Everybody loves coupons – but too many coupons and discounts devalue your brand.
When a store overuses coupons, it’s often a sign of an inferior product or a marketing person who’s out of ideas. It can also send the message that you don’t believe in your products, and they’re not worth what you’re charging.
The best approach on coupons? Use them as a way to drive desired behaviors or to reward customers. Our friends at PHLEARN, the number one Photoshop and photography tutorial website in the world, gave us some good tips based on their vast experience running a successful education platform.
Encouraging customers to perform the actions you want – that is, to spend more – isn’t always easy.
Let’s say you want to encourage your customers to increase their cart size (the behavior). You can use discounting as a tool: If they add two products to their cart, you have a perfect moment to offer a discount for adding a third. Once they add a third, mention that another discount kicks in at five products.
You can do the same based on cart totals; the Cart Notices extension can help with this.
Rewarding your customers
Your customers are the most important part of your business – it wouldn’t exist if it weren’t for them. The least you can do is to reward them for trusting you with their hard earned money.
Post-purchase is a perfect moment to reward them and offer a discount on their next purchase. But this strategy will only work with a specific timeline – people will rarely use a coupon that never expires. If it expires in 14 days, however, the chance of redemption increases significantly.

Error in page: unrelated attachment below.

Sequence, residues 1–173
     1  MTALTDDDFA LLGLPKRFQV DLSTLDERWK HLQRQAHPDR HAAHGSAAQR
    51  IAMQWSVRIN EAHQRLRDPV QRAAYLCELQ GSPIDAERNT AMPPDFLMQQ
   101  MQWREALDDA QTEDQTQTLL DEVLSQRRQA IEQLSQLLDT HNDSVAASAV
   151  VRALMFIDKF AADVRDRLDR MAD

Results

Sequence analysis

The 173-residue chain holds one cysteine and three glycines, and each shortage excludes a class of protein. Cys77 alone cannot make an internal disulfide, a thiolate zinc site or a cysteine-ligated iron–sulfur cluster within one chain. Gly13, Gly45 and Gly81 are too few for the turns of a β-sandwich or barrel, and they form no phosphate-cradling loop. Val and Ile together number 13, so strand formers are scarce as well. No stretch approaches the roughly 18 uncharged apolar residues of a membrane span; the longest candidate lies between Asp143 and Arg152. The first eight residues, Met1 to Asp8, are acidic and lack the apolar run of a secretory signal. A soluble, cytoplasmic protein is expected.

Personalization is the key
Customers have different tastes and perspectives and are more inclined to buy particular types of product. That’s why you shouldn’t offer everyone the exact same discount.
Use coupons and campaigns to market to specific customers, especially via email. That means marketing based on their previous actions, purchases, and the pages they visit. If you target a coupon at the right moment (for example, after they have added something to their cart), and with the right message (based on customer’s behavior), you can convert with a smaller discount.
When offering everyone the same coupon, you might find that 25-35% off seems to be the only amount that works. However, a highly-personalized campaign might convert just as well at only 10% off.
That’s a wrap
We hope that we’ve inspired you to avoid these common eCommerce couponing pitfalls. We’d love to hear about your experiences using coupons – both good and bad – in the comments below. Thanks for reading!